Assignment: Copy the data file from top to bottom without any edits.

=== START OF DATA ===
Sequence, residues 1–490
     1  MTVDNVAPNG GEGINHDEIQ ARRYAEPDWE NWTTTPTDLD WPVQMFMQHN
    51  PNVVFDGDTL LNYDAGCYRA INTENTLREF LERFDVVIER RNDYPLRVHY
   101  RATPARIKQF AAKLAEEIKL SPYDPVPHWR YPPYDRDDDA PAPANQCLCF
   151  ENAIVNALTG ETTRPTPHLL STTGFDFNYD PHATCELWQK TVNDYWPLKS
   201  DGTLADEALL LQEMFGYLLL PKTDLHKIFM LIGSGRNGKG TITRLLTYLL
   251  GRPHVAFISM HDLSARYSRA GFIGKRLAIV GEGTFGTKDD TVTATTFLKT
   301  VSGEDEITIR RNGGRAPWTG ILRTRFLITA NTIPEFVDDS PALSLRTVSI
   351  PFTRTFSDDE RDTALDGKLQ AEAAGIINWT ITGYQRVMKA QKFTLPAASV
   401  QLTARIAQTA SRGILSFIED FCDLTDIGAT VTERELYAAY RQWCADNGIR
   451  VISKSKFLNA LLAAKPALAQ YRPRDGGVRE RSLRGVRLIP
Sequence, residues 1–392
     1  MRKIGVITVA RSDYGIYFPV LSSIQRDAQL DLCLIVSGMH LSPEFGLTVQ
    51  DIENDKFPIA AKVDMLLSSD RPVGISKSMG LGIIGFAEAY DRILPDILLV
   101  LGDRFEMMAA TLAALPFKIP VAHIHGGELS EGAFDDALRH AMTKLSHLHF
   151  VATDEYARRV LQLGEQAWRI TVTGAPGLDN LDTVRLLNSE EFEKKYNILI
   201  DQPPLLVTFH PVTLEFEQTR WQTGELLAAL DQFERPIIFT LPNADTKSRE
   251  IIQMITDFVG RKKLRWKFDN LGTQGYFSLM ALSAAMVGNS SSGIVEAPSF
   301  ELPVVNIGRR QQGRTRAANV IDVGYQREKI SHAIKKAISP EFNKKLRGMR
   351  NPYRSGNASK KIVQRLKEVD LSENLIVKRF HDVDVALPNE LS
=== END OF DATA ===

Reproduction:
Sequence, residues 1–490
     1  MTVDNVAPNG GEGINHDEIQ ARRYAEPDWE NWTTTPTDLD WPVQMFMQHN
    51  PNVVFDGDTL LNYDAGCYRA INTENTLREF LERFDVVIER RNDYPLRVHY
   101  RATPARIKQF AAKLAEEIKL SPYDPVPHWR YPPYDRDDDA PAPANQCLCF
   151  ENAIVNALTG ETTRPTPHLL STTGFDFNYD PHATCELWQK TVNDYWPLKS
   201  DGTLADEALL LQEMFGYLLL PKTDLHKIFM LIGSGRNGKG TITRLLTYLL
   251  GRPHVAFISM HDLSARYSRA GFIGKRLAIV GEGTFGTKDD TVTATTFLKT
   301  VSGEDEITIR RNGGRAPWTG ILRTRFLITA NTIPEFVDDS PALSLRTVSI
   351  PFTRTFSDDE RDTALDGKLQ AEAAGIINWT ITGYQRVMKA QKFTLPAASV
   401  QLTARIAQTA SRGILSFIED FCDLTDIGAT VTERELYAAY RQWCADNGIR
   451  VISKSKFLNA LLAAKPALAQ YRPRDGGVRE RSLRGVRLIP
Sequence, residues 1–392
     1  MRKIGVITVA RSDYGIYFPV LSSIQRDAQL DLCLIVSGMH LSPEFGLTVQ
    51  DIENDKFPIA AKVDMLLSSD RPVGISKSMG LGIIGFAEAY DRILPDILLV
   101  LGDRFEMMAA TLAALPFKIP VAHIHGGELS EGAFDDALRH AMTKLSHLHF
   151  VATDEYARRV LQLGEQAWRI TVTGAPGLDN LDTVRLLNSE EFEKKYNILI
   201  DQPPLLVTFH PVTLEFEQTR WQTGELLAAL DQFERPIIFT LPNADTKSRE
   251  IIQMITDFVG RKKLRWKFDN LGTQGYFSLM ALSAAMVGNS SSGIVEAPSF
   301  ELPVVNIGRR QQGRTRAANV IDVGYQREKI SHAIKKAISP EFNKKLRGMR
   351  NPYRSGNASK KIVQRLKEVD LSENLIVKRF HDVDVALPNE LS